Volume 39 Number 57
                 Produced: Fri May 30  6:56:39 US/Eastern 2003

Subjects Discussed In This Issue: 

Aver min haChai
         [Michael Kahn]
Bicycles on Shabbat
         [Seth Lebowitz]
Halakha and Vaccines (5)
         [David Waxman, Leah Aharoni, Mordechai Horowitz, Rise
Goldstein, Ben Katz]
Kosherica Cruise
         [Harry Weiss]
A Serious but Halachic Approach to the Orthodoxy Problem
         [Edward Ehrlich]
Sexual Indescretions and Rabbis
         [Robert Schoenfeld]


From: Michael Kahn <mi_kahn@...>
Date: Thu, 29 May 2003 14:36:06 -0400
Subject: Re: Aver min haChai

>I once also heard that this was a point of contention between Yosef (who
>considered himself a Jew, and would eat meat after shechita, during
>pirkus) and his brothers (who considered themselves still to be Bnei
>Noach, and insisted on waiting till after pirkus). This was given as the
>meaning of their claim to Ya`akov that Yosef would eat "ever min

This is written by the Prashas Drachim who wrote the Mishna Lamelech on
the Rambam


From: Seth Lebowitz <SLebowitz@...>
Date: Thu, 29 May 2003 18:08:20 -0500
Subject: Re: Bicycles on Shabbat

Does the putative prohibition of using a baby stroller or wheel chair on
shabbat operate across the board (i.e. without regard to whether one is
in an urban area where rolling across grass might range from easily
avoidable to nearly impossible)?

Seth Lebowitz


From: David Waxman <yitz99@...>
Date: Thu, 29 May 2003 03:15:08 -0700 (PDT)
Subject: Re: Halakha and Vaccines

As I understand it, we are required to safeguard our health in a
reasonable manner given the best information currently available.  Thus,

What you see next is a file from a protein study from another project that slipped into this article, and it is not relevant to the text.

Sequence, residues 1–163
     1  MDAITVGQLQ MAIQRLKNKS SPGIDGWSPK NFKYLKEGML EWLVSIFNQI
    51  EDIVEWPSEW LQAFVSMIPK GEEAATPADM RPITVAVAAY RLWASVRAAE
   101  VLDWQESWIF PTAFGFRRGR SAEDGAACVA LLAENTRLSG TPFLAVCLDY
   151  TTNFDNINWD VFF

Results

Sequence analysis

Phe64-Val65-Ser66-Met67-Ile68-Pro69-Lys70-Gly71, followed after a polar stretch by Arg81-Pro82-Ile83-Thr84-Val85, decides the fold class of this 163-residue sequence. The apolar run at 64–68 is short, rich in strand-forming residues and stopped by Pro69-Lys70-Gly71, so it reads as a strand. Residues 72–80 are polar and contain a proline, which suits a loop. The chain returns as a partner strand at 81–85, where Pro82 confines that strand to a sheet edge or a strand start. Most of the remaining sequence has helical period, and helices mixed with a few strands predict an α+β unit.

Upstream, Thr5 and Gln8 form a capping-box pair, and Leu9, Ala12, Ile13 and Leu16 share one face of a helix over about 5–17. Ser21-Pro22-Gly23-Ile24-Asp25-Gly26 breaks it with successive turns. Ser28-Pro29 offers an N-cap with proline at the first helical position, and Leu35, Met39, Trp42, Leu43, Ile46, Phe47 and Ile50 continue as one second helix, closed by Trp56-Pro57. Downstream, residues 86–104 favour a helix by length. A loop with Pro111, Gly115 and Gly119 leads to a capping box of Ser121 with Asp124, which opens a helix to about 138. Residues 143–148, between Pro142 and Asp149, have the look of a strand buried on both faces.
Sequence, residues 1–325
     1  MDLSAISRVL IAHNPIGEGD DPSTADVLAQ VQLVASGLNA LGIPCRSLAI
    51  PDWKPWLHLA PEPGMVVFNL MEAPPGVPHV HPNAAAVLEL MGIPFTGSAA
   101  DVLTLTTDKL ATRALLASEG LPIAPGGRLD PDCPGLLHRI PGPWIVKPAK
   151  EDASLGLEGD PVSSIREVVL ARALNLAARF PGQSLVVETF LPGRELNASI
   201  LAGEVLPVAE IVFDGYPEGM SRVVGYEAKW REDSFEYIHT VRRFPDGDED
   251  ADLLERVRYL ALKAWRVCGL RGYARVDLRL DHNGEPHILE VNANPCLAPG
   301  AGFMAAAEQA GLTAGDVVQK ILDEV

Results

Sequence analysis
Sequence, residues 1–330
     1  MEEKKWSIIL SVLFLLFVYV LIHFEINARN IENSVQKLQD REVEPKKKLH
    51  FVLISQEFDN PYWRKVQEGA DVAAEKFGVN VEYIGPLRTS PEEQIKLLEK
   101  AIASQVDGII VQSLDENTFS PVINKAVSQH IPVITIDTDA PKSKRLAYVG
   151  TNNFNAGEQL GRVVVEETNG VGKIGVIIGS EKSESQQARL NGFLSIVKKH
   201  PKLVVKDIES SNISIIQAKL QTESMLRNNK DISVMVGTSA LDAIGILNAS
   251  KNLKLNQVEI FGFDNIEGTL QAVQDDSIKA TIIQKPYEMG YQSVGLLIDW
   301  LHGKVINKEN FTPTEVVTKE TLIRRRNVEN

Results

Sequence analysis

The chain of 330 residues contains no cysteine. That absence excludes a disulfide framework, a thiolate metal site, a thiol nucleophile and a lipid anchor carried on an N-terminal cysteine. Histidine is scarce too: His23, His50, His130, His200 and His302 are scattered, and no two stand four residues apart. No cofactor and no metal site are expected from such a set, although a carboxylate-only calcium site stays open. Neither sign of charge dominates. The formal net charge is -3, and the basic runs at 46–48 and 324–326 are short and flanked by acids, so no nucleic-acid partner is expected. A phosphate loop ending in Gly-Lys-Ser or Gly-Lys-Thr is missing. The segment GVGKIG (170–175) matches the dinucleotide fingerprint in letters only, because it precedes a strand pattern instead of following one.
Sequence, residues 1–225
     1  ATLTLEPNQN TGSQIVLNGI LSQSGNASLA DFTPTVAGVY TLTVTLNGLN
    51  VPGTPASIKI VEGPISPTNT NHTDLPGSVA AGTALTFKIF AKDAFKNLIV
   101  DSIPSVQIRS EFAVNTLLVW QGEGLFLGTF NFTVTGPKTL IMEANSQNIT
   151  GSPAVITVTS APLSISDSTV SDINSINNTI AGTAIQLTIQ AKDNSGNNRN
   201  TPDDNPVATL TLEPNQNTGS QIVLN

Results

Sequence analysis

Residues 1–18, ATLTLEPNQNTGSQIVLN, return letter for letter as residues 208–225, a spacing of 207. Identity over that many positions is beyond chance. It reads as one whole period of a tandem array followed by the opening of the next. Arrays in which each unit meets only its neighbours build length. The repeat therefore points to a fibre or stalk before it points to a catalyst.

the halachic issue morphes into a medical one.  What is the best thing
to do given the best medical information available?

I did a bit of research into this issue when our first child was born.
I'd rather not post my conclusions here for two reasons:

1. This in not a medical forum.
2. I'm not a medical professional.


From: Leah Aharoni <leah25@...>
Date: Thu, 29 May 2003 14:05:17 +0200
Subject: Halakha and Vaccines

Rav Shlomo Aviner was asked this question a couple of years ago and
ruled that one SHOULD vaccinate children, since this is the standard
recommendation of medical practitioners.

Also, the probability of dangerous side effects is very low and is far
less than nezek matzui.

Leah Aharoni
English/Hebrew/Russian Translator
Telefax 972-2-9971146, Mobile 972-56-852571
Email <leah25@...>

From: Mordechai Horowitz <mordechai@...>
Date: Thu, 29 May 2003 08:36:43 -0400
Subject: Halakha and Vaccines

If you believe the secular scientific evidence that vaccines are
dangerous to children then it is prohibited to vaccinate your children.
Halachically the requirement is to do what will make them healthy.  The
answer is based on science not halacha.

Because this is a religious list and not one on childrearing or health I
won't go into the details of why a growing number of people think
vaccines are dangerous.  But I suggest any parent to be seriously review
the evidence.  There is no legal requirement to give your child a
vaccine if you believe it is dangerous.  All states has laws allowing
you to opt out of them.

From: Rise Goldstein <rbgoldstein@...>
Date: Thu, 29 May 2003 06:24:34 -0700
Subject: Halakha and Vaccines

I'm not aware of rabbinic opinions on this subject.  However, as an
epidemiologist, albeit not a specialist in infectious diseases, I do
know that there are certain vaccines whose safety has been questioned.
NOTE: in general, the weight of the scientific evidence is
*overwhelmingly* convincing, both substantively and methodologically,
that most vaccines are safe for most children, most of the time.
However, if a particular vaccine were causally associated with a
sufficiently high number of adverse events, it would make sense to me
that a poseq might come down on the side of prohibiting it, at least for
children with known risk factors for bad outcomes.

Lehavdil, or perhaps not, careful physicians have advised caution in
administering live, attenuated polio vaccine to children with *any*
household member who has a compromised immune system, since the